Synopses & Reviews
During World War I, seventeen-year-old Frieda Mintz secures a job at a Boston department store and strikes out on her own, escaping her repressive Jewish mother and marriage to a wealthy widower twice her age. Determined to find love on her own terms, she is intoxicated by her newfound freedom and the patriotic fervor of the day. That is, until a soldier reports her as his last sexual contact, sweeping her up in the governments wartime crusade against venereal disease. Quarantined in a detention center, Frieda finds in the Homes confines a group of brash, unforgettable women who help her see the way to a new kind of independence.
Charity Girl is based on a little-known chapter in American history that saw fifteen thousand women across the nation incarcerated. Like When the Emperor Was Divine, Lowenthals poignant, provocative novel will leave readers moved - and astonished by the shameful facts that inspired it.
Lively and illuminating . . . marr[ies] the facts of history with the details that make a fictional life come alive.”Anita Shreve The Washington Post
Even while capturing the great sweep of the period, Charity Girl celebrates most the depth of the characters lives.”Matthew Pearl
Charity Girl examines a dark period in our history, when fear and patriotic fervor led to devastating consequences. During World War I, the U.S. government waged a moral and medical campaign, incarcerating and quarantining fifteen thousand young women who were found to have venereal disease.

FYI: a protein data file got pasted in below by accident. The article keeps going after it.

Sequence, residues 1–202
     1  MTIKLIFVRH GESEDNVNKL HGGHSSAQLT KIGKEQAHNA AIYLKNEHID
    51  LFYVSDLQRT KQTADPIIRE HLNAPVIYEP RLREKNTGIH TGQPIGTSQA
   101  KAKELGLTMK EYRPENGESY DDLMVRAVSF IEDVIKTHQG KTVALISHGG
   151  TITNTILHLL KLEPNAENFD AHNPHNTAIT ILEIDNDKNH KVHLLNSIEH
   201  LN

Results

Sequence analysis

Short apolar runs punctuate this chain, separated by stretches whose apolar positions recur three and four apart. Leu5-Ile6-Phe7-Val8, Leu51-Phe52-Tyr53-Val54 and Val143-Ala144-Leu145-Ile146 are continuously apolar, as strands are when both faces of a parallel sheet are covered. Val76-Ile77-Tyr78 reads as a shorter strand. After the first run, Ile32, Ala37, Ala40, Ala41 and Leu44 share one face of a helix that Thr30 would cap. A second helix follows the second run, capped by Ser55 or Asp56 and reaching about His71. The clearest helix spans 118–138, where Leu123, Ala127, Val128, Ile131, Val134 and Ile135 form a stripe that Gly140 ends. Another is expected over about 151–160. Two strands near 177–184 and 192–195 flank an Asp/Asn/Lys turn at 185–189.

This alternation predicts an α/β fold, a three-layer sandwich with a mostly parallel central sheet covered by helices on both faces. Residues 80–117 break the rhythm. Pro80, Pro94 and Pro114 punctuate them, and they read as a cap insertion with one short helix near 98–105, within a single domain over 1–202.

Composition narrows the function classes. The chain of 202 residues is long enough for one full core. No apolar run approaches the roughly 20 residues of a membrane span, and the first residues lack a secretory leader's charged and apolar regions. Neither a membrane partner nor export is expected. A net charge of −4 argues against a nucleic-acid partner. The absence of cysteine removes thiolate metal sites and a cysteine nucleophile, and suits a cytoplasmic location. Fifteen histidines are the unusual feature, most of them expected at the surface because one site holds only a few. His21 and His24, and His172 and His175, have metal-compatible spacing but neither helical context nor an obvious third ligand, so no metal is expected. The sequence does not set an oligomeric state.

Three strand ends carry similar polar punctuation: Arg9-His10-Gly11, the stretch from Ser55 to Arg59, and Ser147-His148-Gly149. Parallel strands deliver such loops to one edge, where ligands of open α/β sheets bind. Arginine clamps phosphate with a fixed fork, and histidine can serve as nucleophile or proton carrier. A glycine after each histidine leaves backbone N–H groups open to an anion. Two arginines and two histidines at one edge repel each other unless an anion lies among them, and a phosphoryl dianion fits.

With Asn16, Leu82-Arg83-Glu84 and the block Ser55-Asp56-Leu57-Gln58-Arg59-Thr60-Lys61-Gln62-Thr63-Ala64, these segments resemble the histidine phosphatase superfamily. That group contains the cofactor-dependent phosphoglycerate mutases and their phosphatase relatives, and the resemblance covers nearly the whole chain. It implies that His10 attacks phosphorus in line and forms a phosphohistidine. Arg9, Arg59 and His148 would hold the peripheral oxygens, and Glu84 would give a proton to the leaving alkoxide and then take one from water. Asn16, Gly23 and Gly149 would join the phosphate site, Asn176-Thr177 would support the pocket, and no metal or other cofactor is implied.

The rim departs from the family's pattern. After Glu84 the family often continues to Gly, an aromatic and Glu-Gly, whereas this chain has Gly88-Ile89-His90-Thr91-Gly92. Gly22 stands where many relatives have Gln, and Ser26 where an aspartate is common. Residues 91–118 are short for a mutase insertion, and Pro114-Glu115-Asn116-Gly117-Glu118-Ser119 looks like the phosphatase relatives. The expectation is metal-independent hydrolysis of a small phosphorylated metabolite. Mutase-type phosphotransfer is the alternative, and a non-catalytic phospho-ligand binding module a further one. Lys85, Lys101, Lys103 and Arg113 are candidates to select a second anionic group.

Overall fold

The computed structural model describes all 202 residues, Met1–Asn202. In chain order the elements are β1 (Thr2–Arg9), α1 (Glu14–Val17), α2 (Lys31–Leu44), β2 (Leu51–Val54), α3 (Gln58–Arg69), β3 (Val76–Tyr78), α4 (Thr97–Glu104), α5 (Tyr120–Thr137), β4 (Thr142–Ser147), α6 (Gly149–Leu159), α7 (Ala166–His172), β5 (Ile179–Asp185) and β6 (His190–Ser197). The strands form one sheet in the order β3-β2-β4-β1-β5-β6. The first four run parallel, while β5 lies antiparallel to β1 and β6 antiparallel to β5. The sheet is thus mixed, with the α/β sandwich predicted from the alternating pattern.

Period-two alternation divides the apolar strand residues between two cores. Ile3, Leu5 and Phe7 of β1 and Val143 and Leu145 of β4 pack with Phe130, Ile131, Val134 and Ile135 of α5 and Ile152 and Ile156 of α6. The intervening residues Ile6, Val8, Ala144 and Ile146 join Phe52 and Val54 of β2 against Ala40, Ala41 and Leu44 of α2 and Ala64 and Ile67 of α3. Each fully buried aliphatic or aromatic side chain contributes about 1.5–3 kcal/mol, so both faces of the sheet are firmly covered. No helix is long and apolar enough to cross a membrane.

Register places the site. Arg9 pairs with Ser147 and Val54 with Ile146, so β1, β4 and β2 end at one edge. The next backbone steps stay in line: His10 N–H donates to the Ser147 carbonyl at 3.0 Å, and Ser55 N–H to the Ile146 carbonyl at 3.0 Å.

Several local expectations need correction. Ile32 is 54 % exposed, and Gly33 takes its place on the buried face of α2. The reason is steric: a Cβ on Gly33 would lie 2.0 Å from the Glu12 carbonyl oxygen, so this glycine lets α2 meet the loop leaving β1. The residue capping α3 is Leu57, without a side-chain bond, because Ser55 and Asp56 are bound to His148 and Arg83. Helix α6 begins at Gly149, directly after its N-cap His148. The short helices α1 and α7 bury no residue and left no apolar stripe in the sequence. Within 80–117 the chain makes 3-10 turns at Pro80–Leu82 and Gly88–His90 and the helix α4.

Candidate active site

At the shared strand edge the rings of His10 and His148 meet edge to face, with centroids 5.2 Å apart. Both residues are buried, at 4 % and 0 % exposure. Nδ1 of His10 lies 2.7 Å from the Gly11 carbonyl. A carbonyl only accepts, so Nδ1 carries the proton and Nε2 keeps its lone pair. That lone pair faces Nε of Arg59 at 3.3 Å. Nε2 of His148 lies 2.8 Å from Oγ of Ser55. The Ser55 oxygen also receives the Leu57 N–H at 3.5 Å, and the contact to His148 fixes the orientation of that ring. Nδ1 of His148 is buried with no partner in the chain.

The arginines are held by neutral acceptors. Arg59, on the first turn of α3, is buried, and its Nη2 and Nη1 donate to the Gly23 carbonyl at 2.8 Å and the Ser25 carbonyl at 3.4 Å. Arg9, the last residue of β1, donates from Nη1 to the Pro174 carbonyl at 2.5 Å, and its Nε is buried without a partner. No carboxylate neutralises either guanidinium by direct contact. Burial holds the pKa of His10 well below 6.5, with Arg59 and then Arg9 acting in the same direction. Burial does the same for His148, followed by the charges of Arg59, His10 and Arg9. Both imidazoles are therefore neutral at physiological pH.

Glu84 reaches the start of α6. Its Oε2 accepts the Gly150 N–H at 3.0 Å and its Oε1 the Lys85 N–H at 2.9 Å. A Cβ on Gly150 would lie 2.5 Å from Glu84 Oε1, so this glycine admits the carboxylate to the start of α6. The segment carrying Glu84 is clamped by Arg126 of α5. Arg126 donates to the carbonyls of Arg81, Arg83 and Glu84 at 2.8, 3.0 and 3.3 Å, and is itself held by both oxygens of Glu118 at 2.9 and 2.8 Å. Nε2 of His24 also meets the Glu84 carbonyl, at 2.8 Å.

Frieda Mintz is a seventeen-year-old Jewish bundle wrapper at Jordan Marsh in Boston; she struck out on her own in the wake of her mother's determination to marry her off to a wealthy man twice her age. Then she spends one impuslive night with "a mensch, a U.S. Army private, ready to brave the trenches Over There." Unfortunately, Felix Morse leaves Frieda not just with vivid memories but with an unspeakable disease. Soon after, she is tracked down and sent to a makeshift detention center, where she suffers invasive physical exams, the discipline of an overbearing matron, and a painful erosion of self-worth. She's buoyed, though, by the strong women around her -- her fellow patients and a sympathetic social worker -- who, in depending on one another, seek to forge a new independence.
In smart, unusually determined Frieda Mintz, Michale Lowenthal has deftly created a most winning heroine through which to tell this troubling tale. Charity Girl lays bare an ugly part of our past when the government exercised a questionable level of authority at the expense of some of its most vulnerable citizens; it also casts long shadows, exploring timely questions of desire, identity, and the balance between the public good and individual freedom.
About the Author
MICHAEL LOWENTHAL is the author of the acclaimed novels Charity Girl, Avoidance, and The Same Embrace. He has written for the New York Times Magazine, the New York Times Book Review, the Washington Post Book World, the Boston Globe, the San Francisco Bay Guardian, and many other publications. He teaches writing at Boston College and Lesely University. Charity Girl was inspired by a line in Susan Sontag's AIDS and Its Metaphors, in which she likens the incarceration of American women during World War I to the internment of Americans of Japanese ancestry during World War II. Lowenthal says, "The latter historical episode I had, of course, heard about, but not the first . . . I immediately had two thoughts: (1) how awful, and (2) what a great basis for a novel."